STAGE REVIEW : Passion Is No 'Picnic' in Cypress : The romantic aspects of the Civic Theatre Guild production are undone by the actress in the pivotal role of Madge, who seems chaste and complacent.


"Picnic," William Inge's classic play, pits the security of middle-class values against the deeper appetites of the body and soul. It has a good deal more in it than the words "romantic comedy" convey, but there are fewer laughs and less lust than even that billing would promise in the current production by the Cypress Civic Theatre Guild.

There are, however, some fiery performances in this exceptionally good-looking production.

Set on a stifling Labor Day weekend, the story introduces hotblooded, down-and-out drifter Hal to a small Kansas town where he meets Madge, the beautiful, thrill-starved girlfriend of his old college pal, Alan. Madge lives at home in a neighborhood of women, and the neighborhood is never the same after Hal struts into it.

As Hal, Leo Thomas has every inch of the requisite melting good looks as well as the animal magnetism and hungry bravado needed to fuel the play's events. David Frederick Fogg, as aristocratic Alan, is very sympathetic and attractive in a role that could be played as a wet blanket. He is a compelling argument for the road more taken.

The romantic aspects of the production are undone, though, by Danielle Brown in the pivotal role of Madge. Brown certainly is lovely, but her Madge is chaste and complacent. Her passionate kiss has all the fire of a missionary's thank-you.

Director Steve Wilbur has put together such a handsome production that it's a shame the heart of the play is empty. The setting of stained, yellow clapboard houses surrounded by picket fences is trimmed with such evocative details as a hand water pump in the yard and antique-looking light fixtures. The costumes are exceptionally realized, down to the hats and purses. (The only visual jolt was the Nordstrom logo on a paper book jacket.)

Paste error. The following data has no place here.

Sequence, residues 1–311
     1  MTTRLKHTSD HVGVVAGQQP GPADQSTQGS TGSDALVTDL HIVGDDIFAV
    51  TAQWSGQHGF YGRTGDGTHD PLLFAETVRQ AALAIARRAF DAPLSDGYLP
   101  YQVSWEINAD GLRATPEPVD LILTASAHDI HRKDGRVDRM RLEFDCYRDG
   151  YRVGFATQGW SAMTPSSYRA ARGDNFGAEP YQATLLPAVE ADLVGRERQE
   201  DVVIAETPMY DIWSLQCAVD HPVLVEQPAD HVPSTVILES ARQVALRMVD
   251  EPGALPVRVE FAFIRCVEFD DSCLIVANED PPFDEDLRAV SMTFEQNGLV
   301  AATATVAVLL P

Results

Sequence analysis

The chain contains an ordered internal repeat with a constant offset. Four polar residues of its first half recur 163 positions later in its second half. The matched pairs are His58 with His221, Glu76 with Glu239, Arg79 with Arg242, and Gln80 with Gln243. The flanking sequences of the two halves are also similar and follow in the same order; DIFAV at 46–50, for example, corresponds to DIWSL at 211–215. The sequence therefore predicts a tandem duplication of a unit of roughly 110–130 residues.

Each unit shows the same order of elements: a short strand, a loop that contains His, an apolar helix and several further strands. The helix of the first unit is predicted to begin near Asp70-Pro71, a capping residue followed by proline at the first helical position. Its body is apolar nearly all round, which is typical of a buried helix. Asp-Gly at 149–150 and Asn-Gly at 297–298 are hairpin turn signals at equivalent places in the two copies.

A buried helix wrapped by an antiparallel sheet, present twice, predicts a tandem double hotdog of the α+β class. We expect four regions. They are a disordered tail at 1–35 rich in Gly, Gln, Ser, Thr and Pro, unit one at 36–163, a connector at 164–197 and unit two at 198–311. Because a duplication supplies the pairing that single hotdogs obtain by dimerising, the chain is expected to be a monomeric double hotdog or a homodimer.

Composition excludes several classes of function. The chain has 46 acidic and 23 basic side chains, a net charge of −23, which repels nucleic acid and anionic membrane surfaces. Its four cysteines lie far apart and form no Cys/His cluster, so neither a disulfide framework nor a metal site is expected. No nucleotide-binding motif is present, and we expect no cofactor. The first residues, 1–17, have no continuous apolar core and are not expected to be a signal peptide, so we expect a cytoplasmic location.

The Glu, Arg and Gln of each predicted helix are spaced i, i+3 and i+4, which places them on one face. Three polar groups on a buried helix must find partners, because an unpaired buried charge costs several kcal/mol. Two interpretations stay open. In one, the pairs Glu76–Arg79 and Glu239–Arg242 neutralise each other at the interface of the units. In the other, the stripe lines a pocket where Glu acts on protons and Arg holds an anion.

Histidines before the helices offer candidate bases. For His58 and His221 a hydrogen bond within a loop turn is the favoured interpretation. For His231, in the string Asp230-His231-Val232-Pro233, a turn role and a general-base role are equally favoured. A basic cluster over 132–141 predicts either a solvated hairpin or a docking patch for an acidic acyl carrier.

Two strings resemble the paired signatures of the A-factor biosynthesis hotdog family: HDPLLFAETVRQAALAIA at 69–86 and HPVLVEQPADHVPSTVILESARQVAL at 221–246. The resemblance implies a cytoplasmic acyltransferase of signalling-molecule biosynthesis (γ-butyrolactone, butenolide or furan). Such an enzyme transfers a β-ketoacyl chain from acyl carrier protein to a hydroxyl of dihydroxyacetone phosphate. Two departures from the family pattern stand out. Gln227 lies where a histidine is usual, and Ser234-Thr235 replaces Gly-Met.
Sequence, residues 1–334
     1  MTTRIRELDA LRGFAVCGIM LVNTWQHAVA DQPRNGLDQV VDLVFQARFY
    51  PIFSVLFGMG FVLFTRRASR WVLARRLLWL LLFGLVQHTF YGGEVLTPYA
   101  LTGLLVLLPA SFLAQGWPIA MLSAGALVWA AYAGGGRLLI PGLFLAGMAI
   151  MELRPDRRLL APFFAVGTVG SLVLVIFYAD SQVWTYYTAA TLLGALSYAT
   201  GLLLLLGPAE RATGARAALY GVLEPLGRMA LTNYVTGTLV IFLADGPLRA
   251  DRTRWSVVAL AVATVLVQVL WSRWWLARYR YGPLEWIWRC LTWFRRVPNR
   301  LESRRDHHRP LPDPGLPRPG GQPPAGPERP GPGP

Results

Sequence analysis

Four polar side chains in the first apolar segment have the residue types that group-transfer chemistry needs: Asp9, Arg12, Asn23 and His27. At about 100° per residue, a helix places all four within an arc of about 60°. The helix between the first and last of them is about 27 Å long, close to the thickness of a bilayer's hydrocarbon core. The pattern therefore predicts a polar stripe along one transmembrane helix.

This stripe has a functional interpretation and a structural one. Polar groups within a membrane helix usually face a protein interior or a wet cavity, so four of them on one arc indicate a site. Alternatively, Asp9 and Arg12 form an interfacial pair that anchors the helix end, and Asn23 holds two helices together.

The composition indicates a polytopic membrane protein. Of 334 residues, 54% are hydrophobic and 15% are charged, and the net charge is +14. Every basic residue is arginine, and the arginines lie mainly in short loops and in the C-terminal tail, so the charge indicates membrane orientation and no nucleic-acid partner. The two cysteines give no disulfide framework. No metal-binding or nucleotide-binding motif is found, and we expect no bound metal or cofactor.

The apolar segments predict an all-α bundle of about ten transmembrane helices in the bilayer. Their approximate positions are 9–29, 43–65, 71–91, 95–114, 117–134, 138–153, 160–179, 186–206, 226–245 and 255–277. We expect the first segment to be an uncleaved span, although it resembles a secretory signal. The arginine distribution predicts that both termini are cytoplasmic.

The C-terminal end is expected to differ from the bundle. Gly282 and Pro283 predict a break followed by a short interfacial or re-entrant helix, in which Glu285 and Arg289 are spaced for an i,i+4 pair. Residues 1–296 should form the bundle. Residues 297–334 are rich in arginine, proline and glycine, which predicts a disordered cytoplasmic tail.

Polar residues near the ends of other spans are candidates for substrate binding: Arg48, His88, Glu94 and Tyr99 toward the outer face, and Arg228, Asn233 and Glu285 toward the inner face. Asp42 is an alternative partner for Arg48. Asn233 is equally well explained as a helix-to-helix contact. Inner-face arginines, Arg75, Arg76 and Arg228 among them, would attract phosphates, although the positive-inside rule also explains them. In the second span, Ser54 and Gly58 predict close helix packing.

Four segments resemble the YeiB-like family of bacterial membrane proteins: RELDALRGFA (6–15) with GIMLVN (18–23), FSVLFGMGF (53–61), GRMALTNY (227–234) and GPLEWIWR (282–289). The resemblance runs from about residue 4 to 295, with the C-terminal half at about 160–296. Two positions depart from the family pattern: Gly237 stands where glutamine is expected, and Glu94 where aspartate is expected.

The supporting performances are honorable. Marcia Bonnitz gets up some steam as the spinster schoolteacher Rosemary, and John Rappazzini, as her "friend-boy" Howard, is loose-limbed and likable. Nancy Stewert Douglas delivers a sharp cameo as Irma.

Still, the overall temperature of the production idles low, not only because of director Wilbur's disastrous casting error but also his pervasively sentimental pitch on the material. These are hungry people, looking for love. In Wilbur's production, they need to be hungrier.


A Cypress Civic Theatre Guild production of the play by William Inge. Directed by Steve Wilbur. Assistant director: Sara St. James. Producer: Craig Harreld. Set design and construction: Backdrop Design Co. (Phil Lubman, Dave Lewis and Bob Bruner). Costumes: Kate Valentine, Paul Bruce and Holly Cummings. Lighting design: Craig Harreld. With Rita R. Strong, Leo Thomas, Laura Brooks Burdick, Roger Shank, Danielle Brown, Linn Ellis, Marcia Bonnitz, David Frederick Fogg, Nancy Stewert Douglas, Norma Evans, and John Rappazzini. Fridays and Saturdays at 8 p.m. at the Cypress Cultural Arts Center, 5172 Orange Ave., Cypress, through Sept 28. Tickets: $8 general admission, $7 for students and seniors. Box office: (714) 229-6796.

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